George Crum, whose exasperation with Cornelius Vanderbilt reputedly helped spark America’s craze for potato chips

A fussy magnate, a miffed chef and the curious roots of the comfort food we hate to love: “How the Potato Chip Took Over America,” from @SmithsonianMag.

* George Carlin

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As we try to eat just one, we might might recall that it was on this date in 1965 that a storage tank ruptured and three million gallons of soybean oil flooded streets in Mankato, Minnesota, then flowed in the Mississippi River.

Stan Eichten was working in the office of Honeymead Soybean Products [the largest oil-processing facility in the world at the time]… when one of the biggest environmental disasters in state history hit.

“There was a roar, like an explosion,” said Eichten of the rupture of a soy oil storage tank that sent millions of gallons into Mankato streets and the Minnesota River. “It was almost like a tsunami. There was oil 2 or 3 feet deep all over.”

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“For some of us, books are as important as almost anything else on earth”*…

Preserving precious publications…

It all started in 1994. The flooding of the Po river and its tributaries had just swept away entire villages in the Piedmont region of northern Italy, leaving behind only death and debris. The whole of Italy was shocked. Of all the damage broadcast on television, one caused a particular sensation: In the village Santo Stefano Belbo, the historical archive of Cesare Pavese, one of the most famous and beloved Italian writers, was buried in mud.

The debacle particularly impressed a man named Pietro Livi, president of Frati & Livi in Bologna, a company that had been restoring and conserving ancient texts for nearly 20 years. At that time, however, no one in Italy was equipped for this kind of rescue. In the past, flooded and muddy documents were entrusted to companies that used basic restoration methods that proved both invasive and ineffective: The books were simply placed in ovens or air-dried in large rooms, which often left the texts unusable and made mold only proliferate.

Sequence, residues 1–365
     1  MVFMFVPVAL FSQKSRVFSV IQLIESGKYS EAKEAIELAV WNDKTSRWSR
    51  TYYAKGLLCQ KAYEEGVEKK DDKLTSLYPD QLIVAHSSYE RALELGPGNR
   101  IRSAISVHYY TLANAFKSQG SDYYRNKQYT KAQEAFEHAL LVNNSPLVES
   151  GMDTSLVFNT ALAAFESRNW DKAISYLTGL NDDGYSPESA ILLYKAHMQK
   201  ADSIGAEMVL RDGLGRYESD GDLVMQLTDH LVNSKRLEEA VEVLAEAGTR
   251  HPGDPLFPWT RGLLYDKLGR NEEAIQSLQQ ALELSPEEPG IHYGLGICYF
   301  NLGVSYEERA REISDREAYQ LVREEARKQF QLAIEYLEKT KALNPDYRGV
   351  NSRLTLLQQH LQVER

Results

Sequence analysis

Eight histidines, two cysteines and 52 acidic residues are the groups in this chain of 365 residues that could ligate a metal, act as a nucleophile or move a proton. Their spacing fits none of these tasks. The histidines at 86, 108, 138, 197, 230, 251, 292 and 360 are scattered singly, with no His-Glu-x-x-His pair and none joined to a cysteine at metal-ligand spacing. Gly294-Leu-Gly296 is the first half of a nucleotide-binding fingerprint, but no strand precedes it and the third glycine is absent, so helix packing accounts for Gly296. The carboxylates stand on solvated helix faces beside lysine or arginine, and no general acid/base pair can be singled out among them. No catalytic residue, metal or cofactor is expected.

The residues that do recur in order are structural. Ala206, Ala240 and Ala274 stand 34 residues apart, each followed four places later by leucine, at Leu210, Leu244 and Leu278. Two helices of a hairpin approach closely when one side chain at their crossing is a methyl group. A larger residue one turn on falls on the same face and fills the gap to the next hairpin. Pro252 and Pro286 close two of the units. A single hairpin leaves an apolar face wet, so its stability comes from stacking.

So Livi decided to find out if anyone in Europe had found a more effective way to save these invaluable records of human achievement. Finally, in Austria, Livi found a freeze dryer that held some promise, but it was too big and costly for a small artisanal company like his. Then, in 2000, the Po river overflowed again. In the city of Turin, entire archives belonging to distinguished institutes and libraries ended up underwater.

At a loss for what to do, Italy’s Archival Superintendency of the Ministry of Cultural Heritage summoned Livi. By this time, Livi had established a solid reputation as a master restorer, having studied the art of book restoration with Benedictine friars. But he realized that for a project of this scope, his expertise was no longer enough; he needed a kind of Renaissance workshop, where he could collaborate with professionals from a variety of disciplines. Livi believed that the time had come where the world of artisan knowledge and the world of technology, too often considered as opposites, had to talk to each other—for the benefit of one another…

Then, on November 12, 2019, the city of Venice, one of the world’s most mythical and most admired locales, suffered its worst flood in 53 years. The swollen lagoon soaked roughly 25,000 valuable texts, including the last surviving original of one of Vivaldi’s musical scores. Frati & Livi was quickly called to the scene…

In the city of Bologna, home to the western world’s oldest university, Pietro Livi developed an unusual machine shop—part artisanal and part high-tech—built to restore damaged ancient texts to their former glory. And then came Venice’s historic floods of 2019: “Italy’s Book Doctor,” from @CraftsmanshipQ.

* “For some of us, books are as important as almost anything else on earth. What a miracle it is that out of these small, flat, rigid squares of paper unfolds world after world after world, worlds that sing to you, comfort and quiet or excite you. Books help us understand who we are and how we are to behave. They show us what community and friendship mean; they show us how to live and die.” – Anne Lamott

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As we celebrate craft, we might we spare a thought for publishing pioneer Condé Montrose Nast; he died on this date in 1942.  After serving as Advertising Director at Colliers, then a brief stint in book publishing, Nast bought a small New York society magazine called Vogue— which he proceeded to turn into the nation’s, then the world’s leading fashion magazine.  While other periodical publishers simply sought higher and higher circulation, Nast introduced the “lifestyle” title, targeted to a group of readers by income level or common interest.  By the time of his death, his stable of monthlies also included House & Garden, British, French, and Argentine editions of Vogue, Jardins des Modes, (the original) Vanity Fair, and Glamour; subsequently, the group added such resonant lifestyle books as Gourmet, New Yorker, and Wired.